It is quite obvious that most of the developing nations aim to strengthen primary infrastructure services, but then there is no guarantee that it will definitely provide safe and reliable services.[2] Furthermore, despite the presence of strategies to improve the reach of WASH services in more than two-thirds of the nation, the implementation of existing strategies has been extremely poor, and thus people from low-resource settings have been deprived of the essential measures.[1],[2] Considering that the goals pertaining to drinking water and sanitation have been globally achieved in the era of the Millennium Development Goals, it lays down extra pressure on the stakeholders.[1],[3]

For the accomplishment of the ambitious SDG targets, there is a need to make a systematic investment and increase the financial allocation from different stakeholders through the adoption of collective, coordinated, and innovative actions.[2],[4] Financing for WASH can be streamlined from different sources such as households (such as household tariffs, fees paid to service providers and repayable finance); taxes paid to the government; and funds from international donors and charitable agencies.[2] The available money should be used for improving the sanitation and drinking water facilities and should prioritize rural settings more than urban areas (which are already receiving 3 times more funds than rural areas).[2]

In addition, efforts should be taken toward hygiene promotion, behavior change, and a balance must be maintained between new investment to extend aid to the un-served and recurrent expenditure required to sustain existing services.[2] Furthermore, attention should be given towards strengthening and development of large systems (like urban distribution networks and/or treatment facilities), basic systems (such as drinking-water systems, which include rural water supply schemes using hand-pumps, rainwater collection, etc.), and basic sanitation systems (viz., construction of latrines by providing financial assistance).[2] The increase investments in water and sanitation will not only be crucial for the improvement of health standards but will also provide opportunities for jobs and hence ensure that no one is left behind.[1],[2]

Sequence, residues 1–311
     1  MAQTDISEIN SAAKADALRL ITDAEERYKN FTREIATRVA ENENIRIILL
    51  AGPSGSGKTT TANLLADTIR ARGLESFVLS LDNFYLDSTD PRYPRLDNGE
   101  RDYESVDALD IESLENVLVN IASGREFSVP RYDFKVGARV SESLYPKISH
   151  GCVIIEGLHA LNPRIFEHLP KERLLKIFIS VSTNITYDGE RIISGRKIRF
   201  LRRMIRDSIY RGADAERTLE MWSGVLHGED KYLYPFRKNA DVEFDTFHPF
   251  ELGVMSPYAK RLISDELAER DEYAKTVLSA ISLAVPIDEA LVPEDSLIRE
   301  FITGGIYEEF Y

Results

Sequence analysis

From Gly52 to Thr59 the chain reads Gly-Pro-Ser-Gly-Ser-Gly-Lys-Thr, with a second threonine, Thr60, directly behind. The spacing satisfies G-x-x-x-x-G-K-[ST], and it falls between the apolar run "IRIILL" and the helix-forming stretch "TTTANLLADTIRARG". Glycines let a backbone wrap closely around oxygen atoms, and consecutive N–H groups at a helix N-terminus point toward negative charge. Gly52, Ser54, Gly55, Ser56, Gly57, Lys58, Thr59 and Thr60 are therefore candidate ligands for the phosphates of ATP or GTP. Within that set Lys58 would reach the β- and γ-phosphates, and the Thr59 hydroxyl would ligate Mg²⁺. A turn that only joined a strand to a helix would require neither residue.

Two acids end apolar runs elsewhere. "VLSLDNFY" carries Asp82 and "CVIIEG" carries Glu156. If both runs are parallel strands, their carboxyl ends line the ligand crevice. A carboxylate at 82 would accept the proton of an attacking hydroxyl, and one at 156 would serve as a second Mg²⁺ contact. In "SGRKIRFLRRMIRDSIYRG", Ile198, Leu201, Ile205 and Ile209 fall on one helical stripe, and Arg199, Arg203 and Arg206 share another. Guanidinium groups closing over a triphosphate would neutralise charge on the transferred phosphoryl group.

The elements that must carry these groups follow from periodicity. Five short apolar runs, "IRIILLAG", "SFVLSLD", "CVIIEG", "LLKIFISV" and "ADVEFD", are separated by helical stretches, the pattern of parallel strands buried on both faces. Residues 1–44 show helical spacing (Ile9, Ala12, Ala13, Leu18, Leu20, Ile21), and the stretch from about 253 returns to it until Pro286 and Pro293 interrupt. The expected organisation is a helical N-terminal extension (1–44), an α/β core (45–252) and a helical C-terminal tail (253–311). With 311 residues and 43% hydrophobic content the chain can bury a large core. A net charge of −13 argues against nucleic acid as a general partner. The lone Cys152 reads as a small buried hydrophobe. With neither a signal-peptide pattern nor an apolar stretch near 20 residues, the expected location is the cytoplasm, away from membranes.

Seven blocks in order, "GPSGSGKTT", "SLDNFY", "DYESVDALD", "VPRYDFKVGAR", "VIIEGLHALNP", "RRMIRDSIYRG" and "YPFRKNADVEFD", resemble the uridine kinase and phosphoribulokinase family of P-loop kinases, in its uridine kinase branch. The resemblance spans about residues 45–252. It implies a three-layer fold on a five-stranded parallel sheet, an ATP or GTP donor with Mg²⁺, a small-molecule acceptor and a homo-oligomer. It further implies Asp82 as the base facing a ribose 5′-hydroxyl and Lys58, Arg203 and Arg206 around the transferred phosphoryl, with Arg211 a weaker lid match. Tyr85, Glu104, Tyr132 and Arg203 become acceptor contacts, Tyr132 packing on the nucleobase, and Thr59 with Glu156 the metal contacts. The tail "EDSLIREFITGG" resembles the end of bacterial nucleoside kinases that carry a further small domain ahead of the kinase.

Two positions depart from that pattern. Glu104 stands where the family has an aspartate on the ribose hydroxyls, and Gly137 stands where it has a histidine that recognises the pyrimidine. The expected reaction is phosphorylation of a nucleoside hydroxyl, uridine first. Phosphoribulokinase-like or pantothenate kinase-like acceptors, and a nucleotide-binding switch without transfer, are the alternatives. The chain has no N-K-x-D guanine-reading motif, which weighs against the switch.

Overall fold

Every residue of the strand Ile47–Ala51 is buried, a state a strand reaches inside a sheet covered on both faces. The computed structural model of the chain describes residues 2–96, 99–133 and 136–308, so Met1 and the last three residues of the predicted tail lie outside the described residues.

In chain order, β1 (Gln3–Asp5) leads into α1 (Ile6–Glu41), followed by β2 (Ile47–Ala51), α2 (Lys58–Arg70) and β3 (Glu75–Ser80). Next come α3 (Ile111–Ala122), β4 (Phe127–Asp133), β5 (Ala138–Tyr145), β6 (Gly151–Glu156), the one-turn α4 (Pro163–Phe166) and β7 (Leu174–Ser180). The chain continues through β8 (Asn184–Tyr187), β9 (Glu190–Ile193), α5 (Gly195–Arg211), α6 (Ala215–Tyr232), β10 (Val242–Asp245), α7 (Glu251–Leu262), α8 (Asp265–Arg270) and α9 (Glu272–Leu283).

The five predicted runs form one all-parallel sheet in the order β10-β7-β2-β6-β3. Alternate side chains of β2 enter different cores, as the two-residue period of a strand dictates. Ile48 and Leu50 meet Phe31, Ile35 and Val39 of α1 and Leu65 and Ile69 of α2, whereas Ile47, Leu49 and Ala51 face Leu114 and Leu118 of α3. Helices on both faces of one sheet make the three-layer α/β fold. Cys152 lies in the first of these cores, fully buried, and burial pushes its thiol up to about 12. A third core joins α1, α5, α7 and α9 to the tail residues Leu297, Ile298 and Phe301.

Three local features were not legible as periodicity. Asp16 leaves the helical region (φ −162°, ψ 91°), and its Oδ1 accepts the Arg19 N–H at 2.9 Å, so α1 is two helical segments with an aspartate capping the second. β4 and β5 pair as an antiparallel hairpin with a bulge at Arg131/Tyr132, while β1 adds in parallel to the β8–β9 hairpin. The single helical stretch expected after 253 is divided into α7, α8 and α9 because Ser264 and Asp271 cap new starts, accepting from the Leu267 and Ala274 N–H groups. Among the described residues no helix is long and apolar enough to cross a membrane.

To conclude, the global target to ensure universal access to safe drinking water and sanitation cannot be accomplished, unless urgent actions are taken to promote optimal utilization of the available financial resources and identify new sources of funding to sustain the existing services.

Financial support and sponsorship


Conflicts of interest

There are no conflicts of interest.


1World Health Organization. Radical Increase in Water and Sanitation Investment Required to Meet Development Targets; 2017. Available from: http://www.who.int/mediacentre/news/releases/2017/water-sanitation-investment/en/. [Last accessed on 2017 Apr 14].
2World Health Organization, UN-Water. UN-Water Global Analysis and Assessment of Sanitation and Drinking-Water (GLAAS) 2017 Report – Financing Universal Water, Sanitation and Hygiene Under the Sustainable Development Goals. Geneva: WHO Press; 2017. p. 1-26.
3Shrivastava SR, Shrivastava PS, Ramasamy J. Strengthening water, sanitation, and hygiene services in health establishments: An urgent priority of WHO. J Res Med Sci 2015;20:1016-7.
4Shrivastava SR, Shrivastava PS, Ramasamy J. Strengthening the quality of household water treatment products on a global scale: World Health Organization. J Earth Environ Health Sci 2016;2:39-40.